Activities to Improve Executive Function SkillsFebruary 28th, 2017
Before we can get into executive function activities, it is important to understand what executive function is.
What Is Executive Function?
Executive function is the term used to describe a set of mental processes that helps us connect past experience with present action. We use executive function when we perform such activities as planning, organizing, strategizing and paying attention to and remembering details. Executive function skills allow us to focus our attention, filter distractions, and switch mental gears. The ability to manage time effectively is also part of executive function.
These skills allow us to finish our work on time, ask for help when needed, wait to speak until we’re called on and seek more information.
These planning, organizing, strategizing, paying attention to and remembering details skills impact us each and every day. Typically, those with ADHD have difficulty with executive function. It is part of the ADHD. On the other hand, those with executive function disorder do not automatically have ADHD.
That being said, these executive function skills are learned skills and are typically not totally intact until you are in your mid-twenties. Knowing this helps us to realize that instruction in planning skills and organizing skills is important for our kids. Knowing this also should help us to be more patient when our kids forget to either do their homework or turn it in as those executive function skills are not totally intact until your mid-twenties.
When one has poor executive function skills, learning is more difficult. Activities to build executive function skills change and become more complex as you grow.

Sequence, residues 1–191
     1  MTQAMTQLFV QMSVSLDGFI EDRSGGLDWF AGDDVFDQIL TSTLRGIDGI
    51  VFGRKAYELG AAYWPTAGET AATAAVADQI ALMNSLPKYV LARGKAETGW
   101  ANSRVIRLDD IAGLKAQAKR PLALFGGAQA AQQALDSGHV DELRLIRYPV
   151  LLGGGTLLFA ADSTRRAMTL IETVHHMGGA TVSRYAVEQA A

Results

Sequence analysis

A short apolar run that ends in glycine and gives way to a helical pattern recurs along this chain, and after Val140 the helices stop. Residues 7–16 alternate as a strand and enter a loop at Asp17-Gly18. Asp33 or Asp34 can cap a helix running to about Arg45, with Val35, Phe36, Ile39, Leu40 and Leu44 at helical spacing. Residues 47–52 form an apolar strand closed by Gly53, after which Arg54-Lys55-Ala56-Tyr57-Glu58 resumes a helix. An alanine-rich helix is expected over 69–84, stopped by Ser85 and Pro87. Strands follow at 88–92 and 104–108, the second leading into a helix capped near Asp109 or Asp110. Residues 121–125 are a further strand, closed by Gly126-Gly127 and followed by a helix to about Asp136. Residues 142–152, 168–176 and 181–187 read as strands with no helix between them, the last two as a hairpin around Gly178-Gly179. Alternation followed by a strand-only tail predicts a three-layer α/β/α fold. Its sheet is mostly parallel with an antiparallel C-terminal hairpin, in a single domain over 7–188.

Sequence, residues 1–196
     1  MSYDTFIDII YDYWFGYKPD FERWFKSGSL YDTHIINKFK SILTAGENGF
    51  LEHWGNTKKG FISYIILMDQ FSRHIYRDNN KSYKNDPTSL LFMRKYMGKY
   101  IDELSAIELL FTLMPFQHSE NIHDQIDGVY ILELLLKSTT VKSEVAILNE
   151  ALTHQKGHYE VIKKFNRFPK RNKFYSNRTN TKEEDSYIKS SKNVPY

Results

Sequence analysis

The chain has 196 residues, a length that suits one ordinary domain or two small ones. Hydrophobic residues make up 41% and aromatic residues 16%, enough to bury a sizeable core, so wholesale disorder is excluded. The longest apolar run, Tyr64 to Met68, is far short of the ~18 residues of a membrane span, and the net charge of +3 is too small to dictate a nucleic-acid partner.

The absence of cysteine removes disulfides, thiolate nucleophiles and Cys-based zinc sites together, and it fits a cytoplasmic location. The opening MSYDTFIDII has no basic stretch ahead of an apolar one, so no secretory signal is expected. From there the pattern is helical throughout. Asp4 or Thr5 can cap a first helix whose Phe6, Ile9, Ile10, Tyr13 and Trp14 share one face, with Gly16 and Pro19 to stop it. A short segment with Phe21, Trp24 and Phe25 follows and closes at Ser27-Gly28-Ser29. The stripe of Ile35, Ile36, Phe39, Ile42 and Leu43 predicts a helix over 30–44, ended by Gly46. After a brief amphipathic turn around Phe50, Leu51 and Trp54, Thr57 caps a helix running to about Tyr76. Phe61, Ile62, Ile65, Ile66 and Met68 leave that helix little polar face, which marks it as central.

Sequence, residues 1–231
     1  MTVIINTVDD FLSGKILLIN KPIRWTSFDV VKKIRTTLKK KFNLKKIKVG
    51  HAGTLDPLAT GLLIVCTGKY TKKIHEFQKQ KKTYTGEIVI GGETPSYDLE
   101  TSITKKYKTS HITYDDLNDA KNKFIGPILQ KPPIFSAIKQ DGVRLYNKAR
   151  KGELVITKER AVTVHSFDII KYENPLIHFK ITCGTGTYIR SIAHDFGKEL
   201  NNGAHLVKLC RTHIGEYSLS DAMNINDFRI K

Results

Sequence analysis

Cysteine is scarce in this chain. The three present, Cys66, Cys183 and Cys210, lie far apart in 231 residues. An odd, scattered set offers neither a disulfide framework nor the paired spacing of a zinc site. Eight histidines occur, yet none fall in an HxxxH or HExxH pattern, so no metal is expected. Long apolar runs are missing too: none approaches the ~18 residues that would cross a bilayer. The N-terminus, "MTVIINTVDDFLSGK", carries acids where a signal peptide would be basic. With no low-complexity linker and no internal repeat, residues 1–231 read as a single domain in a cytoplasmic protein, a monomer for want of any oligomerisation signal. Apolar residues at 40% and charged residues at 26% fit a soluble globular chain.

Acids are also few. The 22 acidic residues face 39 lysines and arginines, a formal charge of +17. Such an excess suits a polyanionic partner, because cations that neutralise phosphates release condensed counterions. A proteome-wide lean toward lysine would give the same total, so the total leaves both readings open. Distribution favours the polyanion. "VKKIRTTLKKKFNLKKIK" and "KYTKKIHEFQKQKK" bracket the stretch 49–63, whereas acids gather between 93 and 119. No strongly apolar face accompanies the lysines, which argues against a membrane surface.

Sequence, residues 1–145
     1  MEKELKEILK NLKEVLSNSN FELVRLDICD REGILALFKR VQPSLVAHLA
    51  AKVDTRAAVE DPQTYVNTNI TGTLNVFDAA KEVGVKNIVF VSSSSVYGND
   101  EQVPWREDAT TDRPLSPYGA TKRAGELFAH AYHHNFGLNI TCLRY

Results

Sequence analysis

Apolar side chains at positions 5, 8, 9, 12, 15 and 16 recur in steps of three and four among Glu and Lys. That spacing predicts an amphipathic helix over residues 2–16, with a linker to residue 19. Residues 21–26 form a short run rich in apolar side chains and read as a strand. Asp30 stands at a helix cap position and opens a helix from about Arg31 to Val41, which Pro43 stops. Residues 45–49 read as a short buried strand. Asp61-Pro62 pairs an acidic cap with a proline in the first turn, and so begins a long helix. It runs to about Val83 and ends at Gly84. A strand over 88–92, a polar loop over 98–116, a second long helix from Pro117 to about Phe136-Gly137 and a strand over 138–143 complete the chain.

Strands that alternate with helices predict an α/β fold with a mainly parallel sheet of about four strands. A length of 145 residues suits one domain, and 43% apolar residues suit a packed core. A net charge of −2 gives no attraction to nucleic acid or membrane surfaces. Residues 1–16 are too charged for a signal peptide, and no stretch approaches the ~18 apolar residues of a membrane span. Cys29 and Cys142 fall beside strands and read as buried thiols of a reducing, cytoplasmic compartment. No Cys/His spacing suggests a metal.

Preschool Age: Executive Function Activities
- Hide and seek games like peek-a-boo provides practice regulating the tension around a surprise.
- Rhymes – being able to say nursery rhymes improves working memory.
- Imaginary play – playing house – sweeping the floor, picking up toys teaches and improves following rules and inhibiting actions that don’t belong with the role they are playing.
- Finger plays like the Eensy Weensy Spider develop working memory and selective attention.
- Matching and sorting games teach cognitive and promote cognitive flexibility.
K – 2nd Grade: Executive Function Activities
- Card games (Crazy Eights, Uno, Blink, and Set) and board games (Sorry!, Battleship, Checkers). These games help you practice cognitive flexibility.
- Musical chairs, four square, dodgeball, and tether ball (these games require paying attention and inhibition)
- Simon Says also improves attention, inhibition, and cognitive flexibility.
- Solving puzzles and brain teaser books improve problem-solving abilities as well as cognitive flexibility.
2nd to 6th Grade: Executive Function Activities
- Card games and board games exercise working memory, quick decision making, and practice with building strategies. Some examples of this are Hearts, Bridge, Rummy, and Chess.
- Physical activities that require constant monitoring of your environment like soccer, baseball, and flashlight tag improve executive function skills.
- Playing a musical instrument, singing, and dancing all improve attention, cognitive flexibility, and inhibition.
- Brain teasers, crossword puzzles, math and number puzzles, The Sentence Zone, and spatial puzzles like Rubik’s Cubes improve working memory, mental flexibility, and cognitive flexibility.
7th to 12th Grade: Executive Function Activities
- Focus on activities that promote the planning process. Even learning to do the laundry, a multi-step activity, will help with this.
- Strategy games and logic puzzles exercise working memory, planning, and attention. Settlers of Catan is a great game for this.
- Yoga and meditation develop sustained attention, reduce stress, and improve decision making.
- Study skills instruction improves organizational skills, time management, self-monitoring.